11. Wang J, Pan L, Wu S, Lu L, Xu Y, Zhu Y, et al. Recent advances on endocrine disrupting effects of uv filters. Int J Environ Res Public Health. 2016;13(8). https://doi.org/10.3390/ijerph13080782.

  12. Ghazipura M, McGowan R, Arslan A, Hossain T. Exposure to benzophenone-3 and reproductive toxicity: a systematic review of human and animal studies. Reprod Toxicol. 2017;73:175–83. https://doi.org/10.1016/j.reprotox.2017.08.015.

    CAS  Article  PubMed  Google Scholar 

  13. Ruszkiewicz JA, Pinkas A, Ferrer B, Peres TV, Tsatsakis A, Aschner M. Neurotoxic effect of active ingredients in sunscreen products, a contemporary review. Toxicol Rep. 2017;4:245–59. https://doi.org/10.1016/j.toxrep.2017.05.006.

    CAS  Article  PubMed  PubMed Central  Google Scholar 

  14. Wang SQ, Burnett ME, Lim HW. Safety of oxybenzone: putting numbers into perspective. Arch Dermatol. 2011;147(7):865–6. https://doi.org/10.1001/archdermatol.2011.173.

    Article  PubMed  Google Scholar 

  15. Hayden CG, Roberts MS, Benson HA. Systemic absorption of sunscreen after topical application. Lancet. 1997;350(9081):863–4. https://doi.org/10.1016/s0140-6736(05)62032-6.

    CAS  Article  PubMed  Google Scholar 

  16. Grande F, Tucci P. Titanium dioxide nanoparticles: a risk for human health? Mini-Rev Med Chem. 2016;16(9):762–9. https://doi.org/10.2174/1389557516666160321114341.

    CAS  Article  PubMed  Google Scholar 

  17. •• Schneider SL, Lim HW. A review of inorganic UV filters zinc oxide and titanium dioxide. Photodermatol Photoimmunol Photomed. 2018. https://doi.org/10.1111/phpp.12439Review of human and environmental safety concerns related to ZnO and TiO2UV filters.

  18. Filipe P, Silva JN, Silva R, Cirne de Castro JL, Marques Gomes M, Alves LC, et al. Stratum corneum is an effective barrier to TiO2 and ZnO nanoparticle percutaneous absorption. Skin Pharmacol Physiol. 2009;22(5):266–75. https://doi.org/10.1159/000235554.

    CAS  Article  PubMed  Google Scholar 

  19. Osmond MJ, McCall MJ. Zinc oxide nanoparticles in modern sunscreens: an analysis of potential exposure and hazard. Nanotoxicology. 2010;4(1):15–41. https://doi.org/10.3109/17435390903502028.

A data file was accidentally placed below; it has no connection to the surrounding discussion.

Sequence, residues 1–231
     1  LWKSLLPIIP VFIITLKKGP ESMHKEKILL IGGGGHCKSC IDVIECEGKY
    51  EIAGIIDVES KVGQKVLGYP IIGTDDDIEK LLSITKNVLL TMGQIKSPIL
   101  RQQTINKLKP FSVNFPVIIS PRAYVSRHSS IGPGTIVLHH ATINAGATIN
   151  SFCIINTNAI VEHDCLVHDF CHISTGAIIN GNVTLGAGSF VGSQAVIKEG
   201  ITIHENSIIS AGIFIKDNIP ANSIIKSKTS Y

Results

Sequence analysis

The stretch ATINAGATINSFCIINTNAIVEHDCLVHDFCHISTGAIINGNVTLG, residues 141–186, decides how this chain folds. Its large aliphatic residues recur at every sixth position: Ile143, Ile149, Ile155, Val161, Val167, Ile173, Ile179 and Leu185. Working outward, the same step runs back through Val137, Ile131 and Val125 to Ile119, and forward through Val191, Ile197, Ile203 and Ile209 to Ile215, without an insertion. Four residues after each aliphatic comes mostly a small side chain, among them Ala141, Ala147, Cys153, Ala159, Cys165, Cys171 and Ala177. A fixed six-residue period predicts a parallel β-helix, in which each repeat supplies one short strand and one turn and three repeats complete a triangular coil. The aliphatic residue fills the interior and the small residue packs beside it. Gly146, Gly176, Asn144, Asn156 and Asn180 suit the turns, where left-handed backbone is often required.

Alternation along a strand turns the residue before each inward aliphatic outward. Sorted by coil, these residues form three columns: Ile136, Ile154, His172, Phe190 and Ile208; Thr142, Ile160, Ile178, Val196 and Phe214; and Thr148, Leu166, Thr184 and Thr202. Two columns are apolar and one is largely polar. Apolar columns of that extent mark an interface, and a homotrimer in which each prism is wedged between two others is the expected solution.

CAS  Article  PubMed  Google Scholar 

  20. Senjen R. Submission regarding SCCS opinion on zinc oxide (nano form), 2012. https://ntn.org.au/wp-content/uploads/2012/11/NTA-SCCS-submission-Oct-2012-1.pdf. Accessed October 16 2019.

  21. US Food and Drug Administration. Nonprescription sunscreen drug products—safety and effectiveness data; Guidance for Industry; Availability. Fed Regist. 2016;81(226):84594–5.

    Google Scholar 

  22. US Food and Drug Administration. Sunscreen drug products for over-the-counter human use: proposed rule. Fed Regist. 2019;84(38):6204–75.

    Google Scholar 

  23. Nelson R. Final OTC Sunscreen monograph postponed, FDA Leadership Confirms https://hbw.pharmaintelligence.informa.com/RS149446/Final-OTC-Sunscreen-Monograph-Postponed-FDA-Leadership-Confirms. Accessed November 30 2019.

  24. •• Matta MK, Zusterzeel R, Pilli NR, Patel V, Volpe DA, Florian J, et al. Effect of sunscreen application under maximal use conditions on plasma concentration of sunscreen active ingredients: a randomized clinical trial. JAMA. 2019;321(21):2082–91. https://doi.org/10.1001/jama.2019.5586Open-label, randomized human study demonstrating that within one day, four common organic UV filters applied according to label instructions in a controlled environment were detected in plasma at concentrations exceeding those set by the FDA to require further toxicity studies.

    CAS  Article  PubMed  PubMed Central  Google Scholar 

  25. Califf RM, Shinkai K. Filling in the evidence about sunscreen. JAMA. 2019;321(21):2077–9. https://doi.org/10.1001/jama.2019.5528.

    Article  PubMed  Google Scholar